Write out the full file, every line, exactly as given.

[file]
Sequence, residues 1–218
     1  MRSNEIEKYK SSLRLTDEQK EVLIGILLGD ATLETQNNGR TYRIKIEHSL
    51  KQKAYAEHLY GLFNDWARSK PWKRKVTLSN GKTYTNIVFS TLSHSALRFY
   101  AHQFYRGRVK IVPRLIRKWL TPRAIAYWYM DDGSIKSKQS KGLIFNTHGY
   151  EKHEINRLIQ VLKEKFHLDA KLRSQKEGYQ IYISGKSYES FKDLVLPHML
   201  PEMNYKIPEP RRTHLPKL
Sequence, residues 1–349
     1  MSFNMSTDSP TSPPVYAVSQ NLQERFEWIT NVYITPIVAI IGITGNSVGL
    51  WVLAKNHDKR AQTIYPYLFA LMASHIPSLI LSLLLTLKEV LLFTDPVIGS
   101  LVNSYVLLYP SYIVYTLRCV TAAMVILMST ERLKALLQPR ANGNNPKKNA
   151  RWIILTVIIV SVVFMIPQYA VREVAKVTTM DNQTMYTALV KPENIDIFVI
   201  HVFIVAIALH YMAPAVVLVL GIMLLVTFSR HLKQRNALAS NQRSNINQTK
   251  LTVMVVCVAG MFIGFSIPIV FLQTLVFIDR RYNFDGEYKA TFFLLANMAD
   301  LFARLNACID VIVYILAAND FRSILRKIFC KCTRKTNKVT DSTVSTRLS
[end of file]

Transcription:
Sequence, residues 1–218
     1  MRSNEIEKYK SSLRLTDEQK EVLIGILLGD ATLETQNNGR TYRIKIEHSL
    51  KQKAYAEHLY GLFNDWARSK PWKRKVTLSN GKTYTNIVFS TLSHSALRFY
   101  AHQFYRGRVK IVPRLIRKWL TPRAIAYWYM DDGSIKSKQS KGLIFNTHGY
   151  EKHEINRLIQ VLKEKFHLDA KLRSQKEGYQ IYISGKSYES FKDLVLPHML
   201  PEMNYKIPEP RRTHLPKL
Sequence, residues 1–349
     1  MSFNMSTDSP TSPPVYAVSQ NLQERFEWIT NVYITPIVAI IGITGNSVGL
    51  WVLAKNHDKR AQTIYPYLFA LMASHIPSLI LSLLLTLKEV LLFTDPVIGS
   101  LVNSYVLLYP SYIVYTLRCV TAAMVILMST ERLKALLQPR ANGNNPKKNA
   151  RWIILTVIIV SVVFMIPQYA VREVAKVTTM DNQTMYTALV KPENIDIFVI
   201  HVFIVAIALH YMAPAVVLVL GIMLLVTFSR HLKQRNALAS NQRSNINQTK
   251  LTVMVVCVAG MFIGFSIPIV FLQTLVFIDR RYNFDGEYKA TFFLLANMAD
   301  LFARLNACID VIVYILAAND FRSILRKIFC KCTRKTNKVT DSTVSTRLS